Santa Ana’s Planning Commissioners were tasked this year with filling out disclosure forms when they talk to stakeholders about pending development projects. That is a reasonable request given how easy it would be for the Planning Commissioners to engage in monkey business.
The good news is almost all of the Planning Commissioners have acquiesced to this mandate. The bad news is that Phil Bacerra, the Planning Commissioner appointed by Santa Ana Councilman David Benavides, has reportedly refused to fill out the disclosure forms.
This came to light recently when Bacerra apparently worked both sides of the debate with regard to the upcoming Depot Affordable Housing units that will be located across from the Santa Ana Train Depot.
What a city insider told me was that Bacerra told the residents of the Logan Neighborhood that this Depot project was going to feature overpriced high-end retail stores, on its bottom floor. But then he turned around and told residents of the high-end Santiago Lofts that the development was going to feature low-end businesses.
In the end a huge crowd showed up as the Planning Commission was set to vote on the development. Bacerra was rebuffed as only one other Planning Commissioner, Bruce Bauer, joined him in voting against the affordable housing project.
Bacerra reportedly compared the Depot Project to Chicago’s notorious Cabrini-Green Projects, prompting the Chairman of the Santa Ana Planning Commission, Eric Alderete to say that Bacerra’s comments were racist.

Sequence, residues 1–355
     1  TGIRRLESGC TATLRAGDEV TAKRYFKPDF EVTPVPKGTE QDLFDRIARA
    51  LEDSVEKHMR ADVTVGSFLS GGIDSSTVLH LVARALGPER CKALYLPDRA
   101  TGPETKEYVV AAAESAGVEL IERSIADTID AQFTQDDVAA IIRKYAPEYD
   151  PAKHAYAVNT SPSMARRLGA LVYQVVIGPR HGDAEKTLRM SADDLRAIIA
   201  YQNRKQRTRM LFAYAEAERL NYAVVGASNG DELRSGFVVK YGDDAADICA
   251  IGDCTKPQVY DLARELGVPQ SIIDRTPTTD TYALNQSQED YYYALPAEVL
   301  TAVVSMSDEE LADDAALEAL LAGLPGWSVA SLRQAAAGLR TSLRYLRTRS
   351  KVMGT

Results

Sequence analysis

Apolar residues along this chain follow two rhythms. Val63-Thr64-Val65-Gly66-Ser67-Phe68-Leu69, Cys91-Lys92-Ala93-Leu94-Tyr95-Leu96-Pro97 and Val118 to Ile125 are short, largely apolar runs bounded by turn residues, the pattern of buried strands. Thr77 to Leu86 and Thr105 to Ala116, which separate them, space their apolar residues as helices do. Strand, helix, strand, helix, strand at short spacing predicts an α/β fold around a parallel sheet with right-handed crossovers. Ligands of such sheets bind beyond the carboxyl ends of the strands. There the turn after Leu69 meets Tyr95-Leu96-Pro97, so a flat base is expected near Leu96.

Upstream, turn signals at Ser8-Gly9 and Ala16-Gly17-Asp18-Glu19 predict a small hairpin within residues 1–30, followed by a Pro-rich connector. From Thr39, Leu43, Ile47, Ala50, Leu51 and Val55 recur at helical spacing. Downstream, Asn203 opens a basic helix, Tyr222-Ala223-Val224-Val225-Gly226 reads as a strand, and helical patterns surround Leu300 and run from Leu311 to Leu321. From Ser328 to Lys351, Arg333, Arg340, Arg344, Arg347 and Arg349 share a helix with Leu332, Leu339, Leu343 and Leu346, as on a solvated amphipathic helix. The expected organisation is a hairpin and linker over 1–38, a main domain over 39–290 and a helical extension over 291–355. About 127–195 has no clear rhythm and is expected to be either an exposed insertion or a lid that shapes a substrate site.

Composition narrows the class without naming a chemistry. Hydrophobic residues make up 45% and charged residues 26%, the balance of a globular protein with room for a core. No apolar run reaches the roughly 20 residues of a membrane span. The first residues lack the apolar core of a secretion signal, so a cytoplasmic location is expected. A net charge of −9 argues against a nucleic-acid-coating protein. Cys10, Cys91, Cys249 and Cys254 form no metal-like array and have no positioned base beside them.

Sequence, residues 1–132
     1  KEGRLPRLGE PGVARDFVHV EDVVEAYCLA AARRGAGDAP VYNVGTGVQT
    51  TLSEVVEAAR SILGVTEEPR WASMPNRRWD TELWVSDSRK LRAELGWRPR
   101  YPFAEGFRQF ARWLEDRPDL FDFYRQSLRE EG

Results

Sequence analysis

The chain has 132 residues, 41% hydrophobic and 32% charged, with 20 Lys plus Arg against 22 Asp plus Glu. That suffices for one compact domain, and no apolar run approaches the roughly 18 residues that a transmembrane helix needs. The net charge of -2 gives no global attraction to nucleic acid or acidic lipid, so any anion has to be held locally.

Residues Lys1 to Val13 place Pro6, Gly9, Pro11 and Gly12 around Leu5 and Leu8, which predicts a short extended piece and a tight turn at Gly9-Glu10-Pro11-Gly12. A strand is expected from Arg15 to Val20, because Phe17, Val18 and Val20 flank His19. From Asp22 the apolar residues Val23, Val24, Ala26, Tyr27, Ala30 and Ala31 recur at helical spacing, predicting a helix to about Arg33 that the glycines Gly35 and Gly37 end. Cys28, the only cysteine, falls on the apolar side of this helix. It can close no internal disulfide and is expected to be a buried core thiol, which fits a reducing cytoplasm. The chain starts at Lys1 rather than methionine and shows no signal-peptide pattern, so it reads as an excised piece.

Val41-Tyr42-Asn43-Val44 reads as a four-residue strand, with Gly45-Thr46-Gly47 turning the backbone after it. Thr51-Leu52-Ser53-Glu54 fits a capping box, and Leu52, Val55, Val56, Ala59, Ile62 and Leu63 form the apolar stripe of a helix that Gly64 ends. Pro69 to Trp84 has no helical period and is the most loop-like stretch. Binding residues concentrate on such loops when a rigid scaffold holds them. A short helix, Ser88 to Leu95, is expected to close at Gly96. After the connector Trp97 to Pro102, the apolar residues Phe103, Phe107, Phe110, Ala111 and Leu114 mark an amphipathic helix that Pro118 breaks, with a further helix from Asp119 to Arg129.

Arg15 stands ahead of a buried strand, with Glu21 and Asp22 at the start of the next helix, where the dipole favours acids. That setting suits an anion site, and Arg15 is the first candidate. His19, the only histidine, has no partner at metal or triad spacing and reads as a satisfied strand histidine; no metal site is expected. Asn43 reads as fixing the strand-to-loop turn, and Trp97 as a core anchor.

Bacerra wasn’t the only one making racist comments at this meeting. Many of those who showed up to complain said horrible things, moving Planning Commissioner Sean Mill to respond, as reported by the O.C. Register:
Others said the affordable-housing project would not bring “quality” tenants to the area.
That drew a response from Commissioner Sean Mill.
“They’re bringing a high-quality project that happens to be affordable housing,” he said. “I’m always disappointed when the discussion gets sideways and folks think that because it’s affordable housing, that the people that are going to live there are somehow less than the rest of us.”
Developer C&C Development has a track record of creating successful affordable-housing projects in the city, including the recently completed Terraces at Santiago, a 36-unit project in the 600 block of East Washington Avenue, a couple of blocks from the Depot at Santiago site.
“They don’t build apartment complexes. They build communities,” Mill said.
While it was pretty obvious that Bacerra had engineered the turnout at this meeting, he did not turn in any disclosure forms. We might have to turn in a public records request to see if Bacerra used his city-provided email address to reach out to the residents.
Santa Ana is woefully short on affordable housing so I am personally glad to see this project moving forward. And I am hearing great things about the retail component to the project, which will include operations that will help the residents to keep advancing up the socio-economic ladder.
We opposed Bacerra’s appointment to the Planning Commission because he had been a paid consultant to Downtown Inc., a non-profit that used a property assessment to fund marketing efforts in Downtown Santa Ana. Bacerra personally advanced a crazy plan to allow bars to stay open to 4 am. Councilman Benavides was the only Council Member to support that nutty scheme, which failed.
Benavides ran for Mayor of Santa Ana, unsuccessfully, in 2012 on a platform that included a call for more transparency. Shouldn’t his Planning Commissioner, Bacerra, support that call for transparency by filling out his disclosure forms?